I had a chance to talk to Matt Johnson from Matt and Kim before they played at Webster Hall on Tuesday. I learned his inspiration behind the band is to do “rad shit.” He also thinks Kim is cute and that, from time to time, it’s okay to be naked in front of minors.
I’ve heard you say in an interview that the line from “Cameras“, “There’s no time for cameras we’ll use our eyes instead,” is a very Matt and Kim kind of message. What constitutes a Matt and Kim message?
On “Sidewalks,” there’s a lot about living your life. Like, life is a right-now-kind of thing, and I think that a lot of that spawned from Kim and I. We’ve had a really busy past year and a half. So at one point you just have to recognize that you have to fit your life in every single fucking day and a lot of this album relates to that. The “no time for cameras” line is just, like, live your life today. Get it in. Work it out.
I’ve heard Kim say you guys get pegged as cute and you don’t necessarily like it. What would you rather have your audience see you as?
I think fun. I think fun and cute get confused a lot in the sense that we have a good time and we show it. Kim’s pretty cute though so I understand why people get it all twisted up, but we try to counteract it with music videos like our first one which had a bunch of fake blood, even though our “Daylight” video ended up being pretty cute. It never occurred to us that it was going to be cute, we’re just ourselves and are smiley and it comes across as cute. Whenever we can, we try to counteract it with stripping.
Were you full-blown naked in the “Lessons Learned” video?
Oh yeah we took it off. You know, February is a cold month to be naked. We definitely felt it.
I assume there was probably children around. Doesn’t being naked in front of children technically make you a sex offender?
I mean, I have a firm belief, and this came also from the backlash when Erykah Badu did a video that was inspired by our video, that if you’re not doing something sexual there shouldn’t be any shame in just being naked. Everyone’s naked underneath their clothes.
“Sidewalks” is your third album was there anything different you did in the processes of writing or recording than in your previous two albums?
The recording process has been different each time. First album we recorded in a studio in L.A., but we didn’t have any money nor had we ever recorded an album hence we had no idea how long that would take. There wasn’t much money in the record label so that got us nine days in the recording studio, which just meant we had to rush it as fast as we could. So when we went into our second album, “Grand,” we again didn’t have a lot of money to make the recording so we were just like, We’re going to just take this money and we’re going to buy stuff and make this recording ourselves, and we recorded in my childhood home where my parents lived in Vermont. So we had as much time as we wanted to try anything we wanted and it was really sort of stressful, but also we got to make the album we wanted to make so that was awesome.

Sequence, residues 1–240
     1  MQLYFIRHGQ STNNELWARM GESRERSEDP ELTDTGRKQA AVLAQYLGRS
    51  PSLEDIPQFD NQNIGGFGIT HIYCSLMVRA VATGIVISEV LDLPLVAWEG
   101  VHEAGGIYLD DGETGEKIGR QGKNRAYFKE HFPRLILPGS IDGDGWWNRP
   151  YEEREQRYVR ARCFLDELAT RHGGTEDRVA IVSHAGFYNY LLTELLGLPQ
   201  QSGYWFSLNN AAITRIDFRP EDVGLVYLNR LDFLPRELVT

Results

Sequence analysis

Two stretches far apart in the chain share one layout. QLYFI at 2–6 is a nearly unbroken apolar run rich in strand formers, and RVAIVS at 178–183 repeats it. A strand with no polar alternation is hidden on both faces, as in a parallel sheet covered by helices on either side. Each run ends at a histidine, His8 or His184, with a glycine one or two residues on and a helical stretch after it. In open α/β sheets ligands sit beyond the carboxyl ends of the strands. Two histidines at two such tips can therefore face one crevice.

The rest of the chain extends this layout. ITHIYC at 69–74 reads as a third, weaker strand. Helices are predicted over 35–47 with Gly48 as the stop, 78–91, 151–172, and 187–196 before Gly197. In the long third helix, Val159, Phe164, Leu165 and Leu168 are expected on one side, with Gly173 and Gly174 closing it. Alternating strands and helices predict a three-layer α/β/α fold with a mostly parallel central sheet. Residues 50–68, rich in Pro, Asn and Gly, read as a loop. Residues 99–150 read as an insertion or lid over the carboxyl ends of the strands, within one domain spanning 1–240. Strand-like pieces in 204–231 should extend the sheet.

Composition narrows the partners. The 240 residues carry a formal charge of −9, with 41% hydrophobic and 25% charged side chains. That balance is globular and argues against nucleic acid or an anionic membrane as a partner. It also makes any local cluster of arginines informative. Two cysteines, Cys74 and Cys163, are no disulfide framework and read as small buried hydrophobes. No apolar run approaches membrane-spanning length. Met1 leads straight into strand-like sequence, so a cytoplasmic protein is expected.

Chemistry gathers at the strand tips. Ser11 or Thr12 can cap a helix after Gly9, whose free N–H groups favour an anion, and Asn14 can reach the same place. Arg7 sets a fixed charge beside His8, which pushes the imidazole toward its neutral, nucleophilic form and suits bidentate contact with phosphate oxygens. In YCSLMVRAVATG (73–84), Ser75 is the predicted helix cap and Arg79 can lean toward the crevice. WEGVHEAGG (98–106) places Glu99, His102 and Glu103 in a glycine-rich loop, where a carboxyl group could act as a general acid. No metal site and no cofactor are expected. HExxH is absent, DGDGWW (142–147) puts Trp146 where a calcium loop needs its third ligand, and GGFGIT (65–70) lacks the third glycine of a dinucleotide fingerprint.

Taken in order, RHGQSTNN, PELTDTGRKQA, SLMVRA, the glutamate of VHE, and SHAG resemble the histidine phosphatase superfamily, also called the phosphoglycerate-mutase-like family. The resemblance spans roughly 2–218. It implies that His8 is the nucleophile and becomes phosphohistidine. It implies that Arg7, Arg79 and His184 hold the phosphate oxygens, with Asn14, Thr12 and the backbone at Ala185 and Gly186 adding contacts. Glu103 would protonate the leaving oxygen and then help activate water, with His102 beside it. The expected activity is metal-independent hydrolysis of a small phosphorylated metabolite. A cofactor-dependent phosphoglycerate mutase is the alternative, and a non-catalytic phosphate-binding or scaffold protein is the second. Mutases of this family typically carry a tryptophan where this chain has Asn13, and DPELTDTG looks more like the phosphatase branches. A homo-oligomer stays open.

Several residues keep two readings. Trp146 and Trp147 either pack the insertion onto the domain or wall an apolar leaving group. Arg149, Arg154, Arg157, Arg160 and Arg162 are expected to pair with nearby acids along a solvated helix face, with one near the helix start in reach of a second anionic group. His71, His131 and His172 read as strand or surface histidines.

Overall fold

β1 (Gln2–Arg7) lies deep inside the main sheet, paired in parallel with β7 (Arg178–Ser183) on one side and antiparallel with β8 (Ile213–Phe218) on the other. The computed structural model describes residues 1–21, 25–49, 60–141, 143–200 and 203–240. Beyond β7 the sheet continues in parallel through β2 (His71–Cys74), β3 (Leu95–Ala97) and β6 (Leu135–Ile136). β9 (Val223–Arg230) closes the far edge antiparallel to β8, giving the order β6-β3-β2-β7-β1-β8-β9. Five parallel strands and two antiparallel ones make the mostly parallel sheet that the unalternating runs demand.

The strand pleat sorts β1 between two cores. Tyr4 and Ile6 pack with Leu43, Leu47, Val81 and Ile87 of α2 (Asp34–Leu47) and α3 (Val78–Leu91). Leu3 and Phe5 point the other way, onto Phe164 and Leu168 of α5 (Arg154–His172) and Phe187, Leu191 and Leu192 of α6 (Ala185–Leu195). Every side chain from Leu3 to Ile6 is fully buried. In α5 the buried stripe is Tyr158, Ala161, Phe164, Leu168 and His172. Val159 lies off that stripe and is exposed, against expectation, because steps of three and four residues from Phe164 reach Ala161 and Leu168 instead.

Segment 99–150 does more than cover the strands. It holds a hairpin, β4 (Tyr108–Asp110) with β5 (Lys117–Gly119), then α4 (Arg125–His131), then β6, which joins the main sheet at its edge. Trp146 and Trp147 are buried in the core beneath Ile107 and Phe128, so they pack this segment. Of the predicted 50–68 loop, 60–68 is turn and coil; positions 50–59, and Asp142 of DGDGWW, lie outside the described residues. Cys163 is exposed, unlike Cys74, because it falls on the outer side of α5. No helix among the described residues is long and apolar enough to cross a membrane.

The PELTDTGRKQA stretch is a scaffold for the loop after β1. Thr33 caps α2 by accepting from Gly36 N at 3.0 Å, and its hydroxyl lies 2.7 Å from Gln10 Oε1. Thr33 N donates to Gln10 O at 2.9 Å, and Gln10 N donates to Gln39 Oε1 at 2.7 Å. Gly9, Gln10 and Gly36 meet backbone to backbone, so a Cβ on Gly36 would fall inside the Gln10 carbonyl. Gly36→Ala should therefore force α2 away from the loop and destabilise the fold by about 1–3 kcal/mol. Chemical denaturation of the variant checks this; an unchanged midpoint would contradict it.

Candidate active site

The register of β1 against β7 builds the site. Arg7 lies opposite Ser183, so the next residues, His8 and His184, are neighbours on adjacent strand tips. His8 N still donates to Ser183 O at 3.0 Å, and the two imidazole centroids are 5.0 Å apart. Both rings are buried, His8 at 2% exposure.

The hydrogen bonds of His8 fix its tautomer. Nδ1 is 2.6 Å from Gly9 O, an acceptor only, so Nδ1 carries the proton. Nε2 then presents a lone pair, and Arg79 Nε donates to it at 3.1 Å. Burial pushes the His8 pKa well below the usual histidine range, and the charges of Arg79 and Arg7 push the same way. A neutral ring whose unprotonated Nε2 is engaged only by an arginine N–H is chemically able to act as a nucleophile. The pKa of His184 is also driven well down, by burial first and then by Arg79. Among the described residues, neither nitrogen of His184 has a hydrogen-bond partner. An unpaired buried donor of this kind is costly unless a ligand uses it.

Now going into “Sidewalks” there was enough money to where we could work in studios with people who knew what the hell they were doing as far as recording an album goes and we still spent as much time as we wanted on it. So it was nice to be able to focus a little more on the music and a little less on how the hell you record music.
“Daylight” was and still is an extremely successful song for you guys. It’s been used for the show “Community,” the Bacardi commercial, “Entourage,” NBA Live. Did you ever expect it to blow up like that?
We never expected anything like that. I never expected “Daylight”, a song that had been recorded in a bedroom, to be a gold single that sold half a million copies. I don’t have any expectations for what “Cameras” or any song will do, I mean all we’ve ever done is just wrote music we like and that we want to hear. And I think a lot that helped “Daylight” and “Good Ol’ Fashion Nightmare” was getting lucky with things like that Bacardi commercial.
When we accepted it, it didn’t even occur to us that people were going to figure out about our band. We liked the commercial, but then millions of people found out about our band. We never made any expectations and we don’t plan on making expectations. We’re super psyched about this album. We made exactly what we wanted to make.
If you could collaborate with any other band or artist who would it be? I suggest Kid Cudi or M.I.A.
I’m sure we would all be a fan of doing that. We’ve talked about what collaborations we’d be interested in doing. Indie bands and rock bands don’t end up doing it that much, but I think we’re in a position where I’d love to collaborate with people. Not long ago we had dinner with Pharrell and we talked about doing a song together so hopefully our schedules line up at some point, but we’ve both been quite busy.
What is your biggest musical inspiration?
It’s weird because it’s not even musical, but the people that are around us or are associated with us that are doing rad shit. Whether it’s photography, or art or writing I’m just like, If they’re doing rad shit, then damn I have to do rad shit too! It just pushes us to work harder and keep us at the top of our game.